Friday 19 October 2018

Five Reasons Why I Love … Nurse On Wheels

I have a massive soft spot for the 1963 gentle comedy, Nurse On Wheels. It's not that well known a film amongst the many titles in the Rogers and Thomas cannon and it's rarely shown these days, which is a tremendous pity. Nurse On Wheels was made towards the end of an eclectic period of film production for Peter and Gerald which swerved fairly evenly between official Carry On films and features which could quite easily have fitted in to the series but were kept somewhat apart.

Films like Nurse On Wheels, the story of a young district nurse who takes a new job in a colourful if quaint country village, often featured a host of recognisable Carry On faces as well as many familiar behind the scenes names such as Eric Rogers, Alan Hume and Norman Hudis. There are many reasons why I think this gentle, unfussy comedy should be celebrated and shown more often, but to begin with, here are five reasons why I love it.

The Joy of Esma

Esma Cannon, surely one of our finest comedy character people, was firmly a part of the Carry On cast by 1963 and about to film her fourth and final film with the team. Playing the mother of Juliet Mills' leading lady allowed Esma more screen time than usual and as ever, she doesn't disappoint. Esma is on fine form, twittering about all over the place and charming us from the first moment she appears. Ms Cannon was an actress of delicacy, of quality and a true one off and she enhanced every production she was a part of. As an added bonus, Esma works really well with Juliet Mills and they portray a very convincing mother and daughter pairing. Sadly, Esma would retire from acting the following year, which is just another reason to treasure this wonderful starring role from a true original.

A Dashing Leading Man

Although he never made a Carry On, he really wouldn't have been out of place as part of the team during their 1960s heyday. I'm talking about Ronald Lewis of course, the handsomely brooding leading man and matinee idol who rose to prominence in British cinema during the 1950s. He worked for Peter and Gerald twice and both times as the love interest to Juliet Mills. As well as playing Henry in Nurse On Wheels, the year before he starred as Bob White in Twice Round The Daffodils. You may also remember Lewis from the sparkling 1956 comedy film Sailor Beware, in which he played Shirley Eaton's fiancé, forever facing the wrath of Peggy Mount. Ronald was great in Nurse On Wheels, wearing the handsome hero role lightly and combining will they/won't they romantics with gentle comedy. The Welsh actor could easily have joined in the fun for Carry On Jack or Spying however Peter Rogers Productions opted for Bernard Cribbins and then Jim Dale instead. A shame I think, and Ronald's career perhaps did not work out as planned in the years ahead. I think he's great though and deserves to be remembered fondly.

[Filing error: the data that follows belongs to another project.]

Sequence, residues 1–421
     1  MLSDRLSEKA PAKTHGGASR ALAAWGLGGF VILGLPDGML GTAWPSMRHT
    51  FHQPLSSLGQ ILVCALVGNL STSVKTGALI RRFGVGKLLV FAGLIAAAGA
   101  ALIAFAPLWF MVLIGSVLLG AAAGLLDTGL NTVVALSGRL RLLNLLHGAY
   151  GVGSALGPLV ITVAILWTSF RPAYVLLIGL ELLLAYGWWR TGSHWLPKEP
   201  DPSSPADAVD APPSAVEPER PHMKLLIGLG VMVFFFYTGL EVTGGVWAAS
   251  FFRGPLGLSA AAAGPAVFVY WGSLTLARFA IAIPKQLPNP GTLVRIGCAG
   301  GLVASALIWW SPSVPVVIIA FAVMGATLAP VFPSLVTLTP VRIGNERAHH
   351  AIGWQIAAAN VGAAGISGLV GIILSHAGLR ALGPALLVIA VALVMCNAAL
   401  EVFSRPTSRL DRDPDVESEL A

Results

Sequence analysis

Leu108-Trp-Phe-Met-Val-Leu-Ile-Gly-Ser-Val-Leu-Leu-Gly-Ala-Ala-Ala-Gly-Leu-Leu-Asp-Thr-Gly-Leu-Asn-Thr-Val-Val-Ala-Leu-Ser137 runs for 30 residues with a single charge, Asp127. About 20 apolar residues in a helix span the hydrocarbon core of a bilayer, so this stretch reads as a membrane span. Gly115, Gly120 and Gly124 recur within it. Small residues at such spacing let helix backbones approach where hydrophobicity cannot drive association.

Gentle Comedy 

Peter Rogers Productions are mainly remembered for their broad, cheeky and saucy farces and costume adventures, however in the early days things were a little different. Nurse On Wheels is light on sauce and that's not a bad thing. It's a family film, there's nothing offensive here. Just plenty of light, frothy and mostly very funny antics played out by a clutch of trusted, experienced and much loved comedy character actors. We say this an awful lot, which isn't a good thing when you actually think about it, but they really don't make them like this anymore!

A Cast of Class 

As well as the aforementioned leading lights Juliet Mills and Ronald Lewis, the cast of Nurse On Wheels is full to the brim not just with reliable Carry On favourites but basically, just the cream of character comedy people. Alongside Carry On regulars Joan Sims (who was originally cast as Joanna, only to be replaced by Mills) and Jim Dale, other familiar faces in the cast include the likes of Noel Purcell, Norman Rossington, Renee Houston, George Woodbridge, Joan Hickson, Raymond Huntley, Deryck Guyler and the legendary Athene Seyler. Athene in particular is a joy in this film and Joan Sims recalled the thrill of working with one of her heroines on film, having first met her in the stage production Breath of Spring several years before. As with all Peter Rogers films, Nurse On Wheels is beautifully, perfectly cast.

A Fitting Farewell for Norman

1963 was a big turning point for the Carry On films. May of that year saw the next Carry On go into production and there would be a new name in the credits - that of scriptwriter Talbot Rothwell. Talbot's script for Carry On Cabby would edge the series towards new, grittier ground and having been well received, he became a stalwart, writing for the series until 1974. Rothwell provided the scripts for many of the series' best loved and most successful titles but we mustn't forget the importance and the skill of Norman Hudis. He wrote the first six films and other associated titles such as Twice Round The Daffodils, Please Turn Over and of course, Nurse On Wheels. Although Norman had a go at a treatment for Carry On Spying the following year, this cosy comedy would prove to be his last credit for Peter Rogers. 

So those are a few reasons why I love Nurse On Wheels. If you haven't seen the film, track it down as it's definitely worth a watch.

You can follow me on Twitter @CarryOnJoan and on Instagram

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